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Imagine we have $k$ Brownian particles diffusing in a three-dimensional solution, where each particle has the same diffusion coefficient $D$ (measured in $\mu^2/sec$). Now imagine that we have a hypothetical particle $C$ that sits at the centroid of the $k$ Brownian particles. What diffusion coefficient / properties does $C$ have?

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up vote 4 down vote accepted

The displacement $B_t^j-B_s^j$ of the $j$th particle is a normal random variables with mean zero and variance $D(t-s)$. These random variables, $j=1,\dots,k$, are independent. Therefore, their average is also normal, with mean zero and variance $\frac{D}{k}(t-s)$. (Variance adds up under summation, and then gets divided by $k^2$).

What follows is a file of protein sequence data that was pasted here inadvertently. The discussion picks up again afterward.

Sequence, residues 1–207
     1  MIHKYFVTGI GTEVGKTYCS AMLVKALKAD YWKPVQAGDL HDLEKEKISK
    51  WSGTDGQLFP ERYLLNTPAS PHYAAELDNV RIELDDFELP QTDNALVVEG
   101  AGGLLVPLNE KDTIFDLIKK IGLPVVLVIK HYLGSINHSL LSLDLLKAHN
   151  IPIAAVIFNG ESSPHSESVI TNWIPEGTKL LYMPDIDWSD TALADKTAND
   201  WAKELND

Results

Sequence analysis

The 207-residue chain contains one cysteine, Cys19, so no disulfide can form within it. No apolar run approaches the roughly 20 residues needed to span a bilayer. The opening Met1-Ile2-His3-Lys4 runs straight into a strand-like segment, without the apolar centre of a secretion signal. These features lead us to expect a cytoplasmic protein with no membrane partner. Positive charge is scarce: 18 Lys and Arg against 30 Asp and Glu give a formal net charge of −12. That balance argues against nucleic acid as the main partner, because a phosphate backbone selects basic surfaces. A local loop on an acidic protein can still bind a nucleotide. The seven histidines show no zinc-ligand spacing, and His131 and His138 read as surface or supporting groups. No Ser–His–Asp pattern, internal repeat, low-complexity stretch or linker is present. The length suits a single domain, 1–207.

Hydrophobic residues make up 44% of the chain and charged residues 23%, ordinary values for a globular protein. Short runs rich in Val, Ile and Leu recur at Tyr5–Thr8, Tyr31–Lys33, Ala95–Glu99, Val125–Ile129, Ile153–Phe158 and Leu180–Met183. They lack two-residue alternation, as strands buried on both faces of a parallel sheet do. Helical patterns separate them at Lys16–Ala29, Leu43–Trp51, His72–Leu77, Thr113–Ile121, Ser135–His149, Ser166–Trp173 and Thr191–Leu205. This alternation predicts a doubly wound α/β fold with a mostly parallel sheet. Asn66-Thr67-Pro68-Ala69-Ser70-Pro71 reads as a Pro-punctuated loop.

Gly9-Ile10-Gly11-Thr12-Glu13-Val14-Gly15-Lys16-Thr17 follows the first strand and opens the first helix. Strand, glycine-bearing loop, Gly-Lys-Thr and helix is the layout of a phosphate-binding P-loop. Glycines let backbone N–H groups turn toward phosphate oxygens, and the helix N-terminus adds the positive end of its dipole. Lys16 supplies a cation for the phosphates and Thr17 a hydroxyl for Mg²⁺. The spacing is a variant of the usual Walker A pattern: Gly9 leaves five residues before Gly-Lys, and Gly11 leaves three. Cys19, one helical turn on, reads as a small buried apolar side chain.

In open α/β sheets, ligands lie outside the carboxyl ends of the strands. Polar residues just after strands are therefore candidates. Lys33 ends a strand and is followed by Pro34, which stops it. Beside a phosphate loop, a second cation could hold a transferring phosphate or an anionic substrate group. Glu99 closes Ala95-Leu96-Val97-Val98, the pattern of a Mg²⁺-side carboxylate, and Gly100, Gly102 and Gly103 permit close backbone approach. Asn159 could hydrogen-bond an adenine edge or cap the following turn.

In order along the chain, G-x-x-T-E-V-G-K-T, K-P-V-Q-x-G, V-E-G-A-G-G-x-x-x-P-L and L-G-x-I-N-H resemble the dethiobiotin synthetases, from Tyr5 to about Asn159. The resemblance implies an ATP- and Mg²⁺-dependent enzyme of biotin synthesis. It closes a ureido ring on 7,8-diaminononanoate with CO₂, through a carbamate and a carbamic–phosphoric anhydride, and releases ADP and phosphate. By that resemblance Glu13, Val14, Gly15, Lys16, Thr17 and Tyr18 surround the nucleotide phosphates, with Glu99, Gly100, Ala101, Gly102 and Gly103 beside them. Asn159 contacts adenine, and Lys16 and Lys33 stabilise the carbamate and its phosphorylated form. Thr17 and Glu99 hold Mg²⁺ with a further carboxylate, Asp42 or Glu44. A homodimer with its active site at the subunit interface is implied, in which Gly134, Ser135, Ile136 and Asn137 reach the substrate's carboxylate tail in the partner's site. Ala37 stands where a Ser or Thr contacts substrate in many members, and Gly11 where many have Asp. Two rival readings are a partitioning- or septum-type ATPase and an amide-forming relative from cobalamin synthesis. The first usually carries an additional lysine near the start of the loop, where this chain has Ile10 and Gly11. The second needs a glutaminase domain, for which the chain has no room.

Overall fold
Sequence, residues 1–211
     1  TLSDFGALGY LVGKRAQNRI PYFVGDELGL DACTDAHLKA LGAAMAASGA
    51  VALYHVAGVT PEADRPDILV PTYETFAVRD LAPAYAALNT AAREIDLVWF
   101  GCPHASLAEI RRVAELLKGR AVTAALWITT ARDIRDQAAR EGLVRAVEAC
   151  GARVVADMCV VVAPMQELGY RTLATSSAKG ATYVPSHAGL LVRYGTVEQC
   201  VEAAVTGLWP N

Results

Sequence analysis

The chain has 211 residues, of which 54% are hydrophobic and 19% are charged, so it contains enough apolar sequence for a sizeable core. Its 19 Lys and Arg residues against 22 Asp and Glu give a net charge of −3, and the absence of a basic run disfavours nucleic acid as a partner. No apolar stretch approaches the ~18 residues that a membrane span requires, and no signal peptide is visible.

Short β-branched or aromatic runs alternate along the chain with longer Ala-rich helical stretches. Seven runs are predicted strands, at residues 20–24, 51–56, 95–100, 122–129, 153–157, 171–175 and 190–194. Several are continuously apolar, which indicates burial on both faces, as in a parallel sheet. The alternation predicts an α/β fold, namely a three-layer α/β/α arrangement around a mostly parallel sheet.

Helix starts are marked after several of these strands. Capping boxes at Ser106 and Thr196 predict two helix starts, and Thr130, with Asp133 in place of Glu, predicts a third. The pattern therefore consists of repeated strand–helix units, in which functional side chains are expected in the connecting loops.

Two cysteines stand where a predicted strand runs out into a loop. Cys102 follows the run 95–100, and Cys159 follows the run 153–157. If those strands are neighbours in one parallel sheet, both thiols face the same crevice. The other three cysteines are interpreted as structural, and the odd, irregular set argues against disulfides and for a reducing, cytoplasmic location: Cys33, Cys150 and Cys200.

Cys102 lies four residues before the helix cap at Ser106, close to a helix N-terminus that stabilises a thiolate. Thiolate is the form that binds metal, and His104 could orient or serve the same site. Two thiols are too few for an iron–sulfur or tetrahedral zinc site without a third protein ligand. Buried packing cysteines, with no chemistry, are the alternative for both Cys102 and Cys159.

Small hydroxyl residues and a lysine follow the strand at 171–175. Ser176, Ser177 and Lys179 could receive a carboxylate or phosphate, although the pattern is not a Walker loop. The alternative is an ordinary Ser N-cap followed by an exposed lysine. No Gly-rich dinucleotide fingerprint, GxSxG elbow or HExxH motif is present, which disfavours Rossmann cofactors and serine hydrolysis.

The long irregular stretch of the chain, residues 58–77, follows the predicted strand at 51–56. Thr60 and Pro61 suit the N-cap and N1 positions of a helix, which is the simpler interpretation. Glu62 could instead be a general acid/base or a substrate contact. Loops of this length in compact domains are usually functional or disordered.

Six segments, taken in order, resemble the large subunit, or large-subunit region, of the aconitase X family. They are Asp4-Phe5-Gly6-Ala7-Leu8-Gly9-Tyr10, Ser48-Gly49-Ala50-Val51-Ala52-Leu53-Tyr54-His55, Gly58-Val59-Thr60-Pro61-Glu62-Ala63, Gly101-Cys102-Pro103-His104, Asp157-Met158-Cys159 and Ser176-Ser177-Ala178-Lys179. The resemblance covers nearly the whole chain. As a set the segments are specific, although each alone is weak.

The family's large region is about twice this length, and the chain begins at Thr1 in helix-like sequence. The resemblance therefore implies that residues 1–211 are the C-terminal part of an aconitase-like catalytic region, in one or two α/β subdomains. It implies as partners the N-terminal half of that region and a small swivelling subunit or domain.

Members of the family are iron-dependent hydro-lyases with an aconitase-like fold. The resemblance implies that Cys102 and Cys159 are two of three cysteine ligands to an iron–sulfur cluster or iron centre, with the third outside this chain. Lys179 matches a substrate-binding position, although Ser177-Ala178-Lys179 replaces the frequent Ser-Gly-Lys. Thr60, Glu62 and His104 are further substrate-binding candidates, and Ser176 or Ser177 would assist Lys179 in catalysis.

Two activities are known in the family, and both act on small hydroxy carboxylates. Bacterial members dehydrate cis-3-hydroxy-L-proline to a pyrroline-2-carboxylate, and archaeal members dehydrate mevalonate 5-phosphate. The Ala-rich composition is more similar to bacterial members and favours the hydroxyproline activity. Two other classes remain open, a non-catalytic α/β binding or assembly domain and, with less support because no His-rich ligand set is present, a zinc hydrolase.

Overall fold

Conclusion: the centroid is also experiencing Brownian motion, but slower, with coefficient $D/k$.

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@H.M. Time variable. $B_t$ is the position at time $t$. Actually, it seems that $W_t$ may be more common, honoring Wiener rather than Brown. See en.wikipedia.org/wiki/Wiener_process –  user53153 Feb 6 '13 at 5:33
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